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Dodgers offense can’t back Walker Buehler’s gem in loss to Padres

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LA has scored 10 runs in last 5 games

San Diego Padres v Los Angeles Dodgers Photo by Harry How/Getty Images

The Dodgers got everything they could have asked from Walker Buehler, who pitched seven strong innings and more than doubled his season high in strikeouts. But the offense continued to slump, falling 3-2 in the fourth exciting game with the Padres in as many tries over the last week.

Ryan Weathers held the Dodgers in check well into the sixth, allowing only a single to Buehler. Weathers in two starts over the last seven days has allowed no runs to the Dodgers in 9⅓ innings, which is doubly impressive considering those were the first two major league starts for the No. 7 overall pick of the 2018 draft.

He left leading 2-0 after striking out six on Thursday, allowing only three to reach base, including a walk and hit by pitch.

The Dodgers offense woke up immediately after he left, and continued to threaten, reaching base eight times over the final 3⅓ innings against five Padres relievers. They even tied the game on back-to-back home runs in the seventh inning by AJ Pollock and Sheldon Neuse, for the latter his first hit as a Dodger.

But the Dodgers failed to cash in any of the other runners to reach base. The best chance came in the eighth inning, after a Will Smith double to left put runners on second and third base with nobody out, and the Dodgers trailing by a run. But a pair of ground balls to second baseman Jake Cronenworth ended the threat. One was ordinary, preventing any runners from advancing, and the other was spectacular, a sprawling double play with Fernando Tatis Jr. to end the inning with San Diego still leading.

“They had to make a great play, turn a big double play to hold us off,” manager Dave Roberts said. “We took good at-bats the second part of the game, and had a good chance to win. I thought we played a clean baseball game.”

The Padres reacquired the lead in the eighth inning against Blake Treinen, with singles by Jurickson Profar and catcher Victor Caratini put runners at the corners to open the frame. Tatis followed with a double play ball that helped prevent a bigger inning but also allowed the winning run to score.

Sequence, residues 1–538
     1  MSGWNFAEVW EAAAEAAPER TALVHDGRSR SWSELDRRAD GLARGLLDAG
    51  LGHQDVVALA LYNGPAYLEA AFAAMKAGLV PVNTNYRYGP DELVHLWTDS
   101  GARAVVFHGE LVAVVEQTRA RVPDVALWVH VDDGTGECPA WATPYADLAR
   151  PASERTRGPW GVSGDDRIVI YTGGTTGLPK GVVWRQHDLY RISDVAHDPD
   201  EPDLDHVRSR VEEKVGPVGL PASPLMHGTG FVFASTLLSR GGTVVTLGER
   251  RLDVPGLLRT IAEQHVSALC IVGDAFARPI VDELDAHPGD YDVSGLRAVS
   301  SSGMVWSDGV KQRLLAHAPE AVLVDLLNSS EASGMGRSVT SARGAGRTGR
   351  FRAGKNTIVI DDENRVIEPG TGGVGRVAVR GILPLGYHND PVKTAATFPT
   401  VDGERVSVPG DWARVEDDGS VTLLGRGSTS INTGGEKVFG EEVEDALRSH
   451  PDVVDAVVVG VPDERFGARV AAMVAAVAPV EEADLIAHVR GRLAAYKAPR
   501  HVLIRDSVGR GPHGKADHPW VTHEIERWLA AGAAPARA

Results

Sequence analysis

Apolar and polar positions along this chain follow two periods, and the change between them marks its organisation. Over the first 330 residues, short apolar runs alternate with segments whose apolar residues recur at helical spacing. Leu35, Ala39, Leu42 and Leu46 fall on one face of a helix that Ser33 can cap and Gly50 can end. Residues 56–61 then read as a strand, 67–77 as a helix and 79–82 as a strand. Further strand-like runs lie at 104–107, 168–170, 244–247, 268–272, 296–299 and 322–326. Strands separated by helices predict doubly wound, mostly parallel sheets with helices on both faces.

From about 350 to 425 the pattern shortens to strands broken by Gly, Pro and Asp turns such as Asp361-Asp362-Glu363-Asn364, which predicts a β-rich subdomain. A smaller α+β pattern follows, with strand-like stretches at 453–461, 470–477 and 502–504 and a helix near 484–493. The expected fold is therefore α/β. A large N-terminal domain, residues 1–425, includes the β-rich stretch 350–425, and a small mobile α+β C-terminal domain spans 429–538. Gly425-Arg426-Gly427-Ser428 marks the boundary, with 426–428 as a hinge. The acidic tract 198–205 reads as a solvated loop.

Seams good

Buehler was solid and effective in his first three starts, lasting exactly six innings in each one. He just didn’t really strike anyone out, something he was well aware of and was working on.

“He’s kind of like a sports car in the sense of the fine-tuning his delivery. He’s very in tune with his delivery, and I think some things in the delivery allowed for hitters to see the ball a little bit longer,” Roberts said before Thursday’s game. “He cleaned that up in his last ‘pen, so it should be different tonight, and going forward.”

It was different for Buehler in this one, lasting through seven innings. He allowed only two runs, including a rocket home run by Trent Grisham into the right field pavilion. Grisham pummeled a four-seam fastball, but otherwise that pitch was working wonders for Buehler all night.

He threw 50 four-seamers on the night and got 14 swing and misses on the pitch, including finishing off eight of his nine strikeouts with the fastball. The nine strikeouts came after three straight starts of exactly four strikeouts for Buehler. He also got 11 called strikes on the fastball alone, meaning exactly half of his fastballs were either a called strike or a whiff.

For context, among qualified pitchers, the top called strike and walk rate (CSW%) in the majors for all pitches is 38.3 percent, by Milwaukee’s Corbin Burnes.

“I thought the fastball was better,” Buehler said. That was more like myself, or what I’ve done in the past. We’ll just keep building on that.”

Buehler also walked none on Thursday, giving him 21 strikeouts against only one walk in his 25 innings this season.

Ribbing & RBIing

Dodgers fans were out in full force — 15,167 of them, anyway — to boo the rival Padres. Tatis, when lineups were introduced, was jeered accustomed to a budding star of his stature. The real ire was saved for Manny Machado, who had a much louder decibel level aimed his way.

Fans were on Machado most of the night, sometimes with the cliched “Manny sucks,” but other times a little more creative. Like in the fourth inning, when fans on the first base side were yelling, “Pay your debt” to Machado, referring to the time during the 2019 season when he joked to a jeering Dodgers fan, “I’ll bet you my contract we’ll win the World Series before you guys do,” as recounted by Bryce Miller at the San Diego Union Tribune.

Machado, who has $240 million remaining on his contract through 2028, got the last laugh in this inning though, driving in Tatis with the second of three Padres singles in the frame, for the game’s first run.

Thursday particulars

Home runs: AJ Pollock (1), Sheldon Neuse (1); Trent Grisham (4)

WP — Nabil Crismatt (1-1): ⅔ IP, 2 hits

LP — Blake Treinen (1-1): 1 IP, 3 hits, 1 run

Sv — Mark Melancon (7): 1 IP, 3 strikeouts